Ani-gif made with NASA GRACE data

Using MY NASA DATA for Earth System Science Projects and Investigations:

Earth system science is the study of the complex interactions of the various components that make up our Earth’s atmosphere, lithosphere, hydrosphere, cryosphere, and biosphere and how Earth is constantly changing as each of these components interact. The purpose of NASA’s Earth science program is to develop a scientific understanding of Earth’s system and its response to natural or human-induced changes, and to improve prediction of climate, weather, and natural hazards. Learn more from NASA Science.gov

The Atmospheric Composition focus area consists of research on the composition of Earth’s atmosphere, particularly of the troposphere and stratosphere, in relation to climate forcing, atmospheric ozone and aerosols, solar effects, air quality, and surface emissions of radiatively and chemically active source gases and particulates.

Our weather system includes the dynamics of the atmosphere and its interaction with the oceans and land and involves phenomena ranging from local or microphysical processes lasting minutes to global-scale events predictable up to two weeks prior.

NASA’s role in climate variability study is centered around providing the global scale observational data sets on oceans and ice, their forcing, and the interactions with the entire Earth system.

The Water & Energy Cycle focus area studies the distribution, transport and transformation of water and energy within the Earth System, with the long-term goal to improve hurricane prediction, quantify tropical rainfall and eventually begin to balance the water budget at global and regional scales.

This Focus Area deals with the cycling of carbon in reservoirs and ecosystems as it changes naturally, is changed by humans, and is affected by climate change.

NASA’s Earth Surface and Interior focus area supports research and analysis of solid-Earth processes and properties from crust to core. This includes providing the space geodetic observations and products foundational to many space missions.

NASA becomes a part of Intel ISEF by Offering an Earth System Science Award at Affiliated Regional and State Science Fairs in Spring of 2016

Beginning spring of 2016, the NASA Earth System Science Certificate may be awarded annually at regional and state science fairs that are partnered with the Society for Science & the Public (SSP) and aligned with the requirements set forth by Intel ISEF. Projects that are awarded the NASA Earth System Science Certificate are invited to submit a copy of their abstract along with the NASA Earth System Science Awardee information sheets that were provided to participating regional and state science fairs. From these entries up to 25 most relevant projects will be invited to participate in a NASA Earth System Science Virtual Science Colloquium. NASA scientists and educators will hear students present their projects and then provide feedback. After this discussion, up to 10 projects using NASA-related data may be offered the chance to be highlighted on the MY NASA DATA Science Project Page.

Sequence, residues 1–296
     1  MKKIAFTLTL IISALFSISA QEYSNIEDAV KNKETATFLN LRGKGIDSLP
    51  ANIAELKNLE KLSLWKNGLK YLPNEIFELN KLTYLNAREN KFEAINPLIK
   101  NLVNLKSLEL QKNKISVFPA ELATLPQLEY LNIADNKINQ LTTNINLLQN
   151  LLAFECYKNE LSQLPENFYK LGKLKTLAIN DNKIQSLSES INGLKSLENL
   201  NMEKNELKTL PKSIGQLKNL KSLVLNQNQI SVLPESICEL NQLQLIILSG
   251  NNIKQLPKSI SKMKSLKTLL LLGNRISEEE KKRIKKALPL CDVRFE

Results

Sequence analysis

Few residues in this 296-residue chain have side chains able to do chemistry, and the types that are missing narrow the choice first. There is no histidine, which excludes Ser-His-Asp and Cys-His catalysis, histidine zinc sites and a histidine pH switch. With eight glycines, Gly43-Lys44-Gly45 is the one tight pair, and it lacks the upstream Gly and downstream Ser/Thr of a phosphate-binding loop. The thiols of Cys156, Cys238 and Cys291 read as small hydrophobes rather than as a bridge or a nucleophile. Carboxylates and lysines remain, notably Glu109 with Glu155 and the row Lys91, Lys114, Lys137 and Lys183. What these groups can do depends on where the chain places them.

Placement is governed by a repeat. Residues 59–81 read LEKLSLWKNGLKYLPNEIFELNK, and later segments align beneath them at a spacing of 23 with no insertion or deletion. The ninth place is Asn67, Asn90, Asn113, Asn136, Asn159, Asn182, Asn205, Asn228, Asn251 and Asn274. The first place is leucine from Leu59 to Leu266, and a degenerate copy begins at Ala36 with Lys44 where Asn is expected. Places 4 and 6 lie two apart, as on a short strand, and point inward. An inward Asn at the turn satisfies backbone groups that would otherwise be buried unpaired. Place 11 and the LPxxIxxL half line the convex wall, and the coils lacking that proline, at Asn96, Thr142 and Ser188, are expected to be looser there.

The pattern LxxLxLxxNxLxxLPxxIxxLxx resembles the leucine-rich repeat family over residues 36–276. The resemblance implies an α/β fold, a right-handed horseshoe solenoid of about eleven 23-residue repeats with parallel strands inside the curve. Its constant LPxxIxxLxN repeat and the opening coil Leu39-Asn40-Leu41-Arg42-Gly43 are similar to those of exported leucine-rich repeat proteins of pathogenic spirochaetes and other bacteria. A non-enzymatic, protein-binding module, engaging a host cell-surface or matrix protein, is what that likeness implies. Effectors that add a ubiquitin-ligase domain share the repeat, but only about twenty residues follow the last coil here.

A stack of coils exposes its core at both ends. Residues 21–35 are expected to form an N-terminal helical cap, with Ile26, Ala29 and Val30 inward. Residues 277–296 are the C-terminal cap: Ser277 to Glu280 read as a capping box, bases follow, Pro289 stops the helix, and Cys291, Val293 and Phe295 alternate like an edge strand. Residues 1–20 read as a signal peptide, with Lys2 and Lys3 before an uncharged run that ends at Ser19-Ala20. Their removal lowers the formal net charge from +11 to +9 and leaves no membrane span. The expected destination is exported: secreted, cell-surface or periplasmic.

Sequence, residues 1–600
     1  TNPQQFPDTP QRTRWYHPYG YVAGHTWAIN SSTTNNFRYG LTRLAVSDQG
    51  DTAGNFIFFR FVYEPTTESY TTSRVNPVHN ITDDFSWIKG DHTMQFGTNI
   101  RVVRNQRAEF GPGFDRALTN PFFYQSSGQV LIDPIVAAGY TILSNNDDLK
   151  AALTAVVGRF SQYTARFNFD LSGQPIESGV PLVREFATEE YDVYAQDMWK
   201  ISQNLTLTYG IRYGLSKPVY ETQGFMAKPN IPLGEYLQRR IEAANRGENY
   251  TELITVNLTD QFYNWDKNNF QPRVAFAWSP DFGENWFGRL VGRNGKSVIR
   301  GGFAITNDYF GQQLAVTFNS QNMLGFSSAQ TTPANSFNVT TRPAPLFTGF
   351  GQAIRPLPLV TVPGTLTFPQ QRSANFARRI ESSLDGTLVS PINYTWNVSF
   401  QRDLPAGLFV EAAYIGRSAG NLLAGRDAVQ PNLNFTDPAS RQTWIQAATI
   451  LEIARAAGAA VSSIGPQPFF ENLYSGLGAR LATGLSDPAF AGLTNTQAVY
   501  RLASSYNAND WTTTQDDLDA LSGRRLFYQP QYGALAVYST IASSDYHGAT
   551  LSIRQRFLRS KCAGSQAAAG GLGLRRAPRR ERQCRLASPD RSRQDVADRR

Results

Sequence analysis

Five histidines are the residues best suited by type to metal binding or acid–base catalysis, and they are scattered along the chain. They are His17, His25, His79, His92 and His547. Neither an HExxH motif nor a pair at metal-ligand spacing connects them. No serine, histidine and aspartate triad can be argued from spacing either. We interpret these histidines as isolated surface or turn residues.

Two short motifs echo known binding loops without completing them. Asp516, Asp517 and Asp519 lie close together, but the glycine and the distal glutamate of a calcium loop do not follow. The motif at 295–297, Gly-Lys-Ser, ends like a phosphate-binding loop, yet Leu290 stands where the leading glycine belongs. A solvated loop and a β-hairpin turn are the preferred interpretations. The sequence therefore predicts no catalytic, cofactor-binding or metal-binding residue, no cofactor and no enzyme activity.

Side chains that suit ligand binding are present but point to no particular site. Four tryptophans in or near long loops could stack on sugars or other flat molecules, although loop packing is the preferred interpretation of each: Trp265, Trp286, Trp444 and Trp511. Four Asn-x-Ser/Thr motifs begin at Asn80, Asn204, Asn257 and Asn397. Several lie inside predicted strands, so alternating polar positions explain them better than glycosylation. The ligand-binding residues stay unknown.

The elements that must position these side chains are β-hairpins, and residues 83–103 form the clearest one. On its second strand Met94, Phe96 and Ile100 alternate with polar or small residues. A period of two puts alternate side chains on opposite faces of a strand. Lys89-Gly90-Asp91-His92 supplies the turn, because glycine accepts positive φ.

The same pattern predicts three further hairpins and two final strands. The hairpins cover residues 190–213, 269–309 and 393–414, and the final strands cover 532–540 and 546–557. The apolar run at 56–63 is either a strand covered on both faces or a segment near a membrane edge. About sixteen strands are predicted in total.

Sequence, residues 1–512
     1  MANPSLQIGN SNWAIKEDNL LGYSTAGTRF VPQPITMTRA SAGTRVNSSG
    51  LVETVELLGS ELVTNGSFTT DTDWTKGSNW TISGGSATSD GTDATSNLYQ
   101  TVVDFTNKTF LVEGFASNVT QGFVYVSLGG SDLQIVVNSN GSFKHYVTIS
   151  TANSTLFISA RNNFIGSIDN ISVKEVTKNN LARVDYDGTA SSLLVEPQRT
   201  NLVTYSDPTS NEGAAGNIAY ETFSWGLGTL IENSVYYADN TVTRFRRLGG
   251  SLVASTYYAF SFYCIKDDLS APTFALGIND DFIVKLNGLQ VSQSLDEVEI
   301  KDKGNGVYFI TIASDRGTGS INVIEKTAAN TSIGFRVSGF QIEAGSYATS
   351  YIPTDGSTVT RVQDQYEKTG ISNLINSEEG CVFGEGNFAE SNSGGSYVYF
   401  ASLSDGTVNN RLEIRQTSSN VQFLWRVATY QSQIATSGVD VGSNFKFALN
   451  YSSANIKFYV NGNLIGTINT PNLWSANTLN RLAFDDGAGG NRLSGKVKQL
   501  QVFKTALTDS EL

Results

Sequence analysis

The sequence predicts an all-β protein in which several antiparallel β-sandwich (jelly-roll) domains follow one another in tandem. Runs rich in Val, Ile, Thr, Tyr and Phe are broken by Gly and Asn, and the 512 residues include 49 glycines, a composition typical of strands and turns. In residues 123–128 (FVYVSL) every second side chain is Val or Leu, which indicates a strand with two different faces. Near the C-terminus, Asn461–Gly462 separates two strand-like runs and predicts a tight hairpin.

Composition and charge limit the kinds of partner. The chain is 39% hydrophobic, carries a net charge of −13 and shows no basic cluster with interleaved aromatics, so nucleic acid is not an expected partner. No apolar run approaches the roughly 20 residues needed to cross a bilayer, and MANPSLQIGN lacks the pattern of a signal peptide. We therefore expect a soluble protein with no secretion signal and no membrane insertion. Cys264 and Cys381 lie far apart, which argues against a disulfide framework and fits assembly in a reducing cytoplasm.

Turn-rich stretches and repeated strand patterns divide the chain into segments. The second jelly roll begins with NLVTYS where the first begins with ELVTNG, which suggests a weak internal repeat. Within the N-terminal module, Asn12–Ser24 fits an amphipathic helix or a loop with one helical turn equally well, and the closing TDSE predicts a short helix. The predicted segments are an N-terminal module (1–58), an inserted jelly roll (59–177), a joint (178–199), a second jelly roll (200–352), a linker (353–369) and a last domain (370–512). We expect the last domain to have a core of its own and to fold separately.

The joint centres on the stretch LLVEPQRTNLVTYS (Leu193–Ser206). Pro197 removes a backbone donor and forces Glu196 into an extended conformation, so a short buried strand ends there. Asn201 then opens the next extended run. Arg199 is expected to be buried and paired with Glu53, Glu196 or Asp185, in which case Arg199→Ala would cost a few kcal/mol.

Additional Resources:

NASA Logo

NASA Earth System Science Award Criteria

Intel ISEF Logo

Intel ISEF Online Abstract Form

 

Intel ISEF Award Earth System Science Subcategories:


Atmospheric Science (AIR)

Studies of the earth’s atmosphere, including air quality and pollution and the processes and effects of the atmosphere on other Earth systems as well as meteorological investigations. Learn More —>

Climate Science (CLI)

Studies of Earth’s climate, particularly evidential study of climate change as it relates to Earth’s systems. Learn More —>

Environmental Effects on Ecosystems (ECS)

Environmental Effects on Ecosystems (ECS)Studies of the impact of environmental changes (natural or as a result of human interaction) on ecosystems, including empirical pollution studies. Learn More —>

Geosciences (GES)

Studies of Earth’s land processes, including mineralogy, plate tectonics, volcanism, and sedimentology. Learn More —>

Water Science (WAT)

Studies of Earth’s water systems, including water resources, movement, distribution, and water quality. Learn More —>

Science Project Tips

1. Choose an appropriate topic:
Try to choose a project based on an area of interest to you. This will make your project much more enjoyable to do.
2. Know the Scientific Method:
There are some key elements that characterize science. These include: reliance on observation, having a testable question, and avoiding observer bias. See more discussion of the scientific method.
3. Seek additional resources:
Besides the Internet, there are a number of other valuable resources that are available. Try consulting a topic expert or visit your local library for printed materials on your topic.
4. Publish your results in a clear manner:
Be sure to display the outcome of your experiment in an easy to understand way. There are a number of websites that can assist you with this, such as the Intel International Science and Engineering Fair website.

Other Links:
Science Fair Projects Demystified in NASA’s Jet Propulsion Laboratory’s Education Videos

MY NASA DATA Science Projects
Interested in exploring Earth Science or need a Science Fair Project idea?
Clouds
  1. + Beginner
  2. + Advanced
  3. + Using a Sky Mirror
  1. + Beginner
  2. + Advanced
Dust
  • Dust Observation
  1. + Beginner
  2. + Advanced
Cloud Composite Image
  • Sky Color
  1. + Sky Color for Kids
  2. + What Color is your sky?
Monarch Butterfly
  • Using Cameras
  1. + Have Fun Doing Science with a Camera
  2. + Doing Science with a Camera
  3. + PicturePost Project Ideas
Cirrostratus Layer
  • Additional Project Ideas
  1. + Solar Garden
  2. + Measuring Temperature Islands
  3. + Measuring the Temperature of the Sky and Clouds
  4. + Measuring Sunlight
  5. + Measuring the Earth’s Water Vapor Blanket
  6. + Measuring Local Precipitation
  7. + Birds and Climate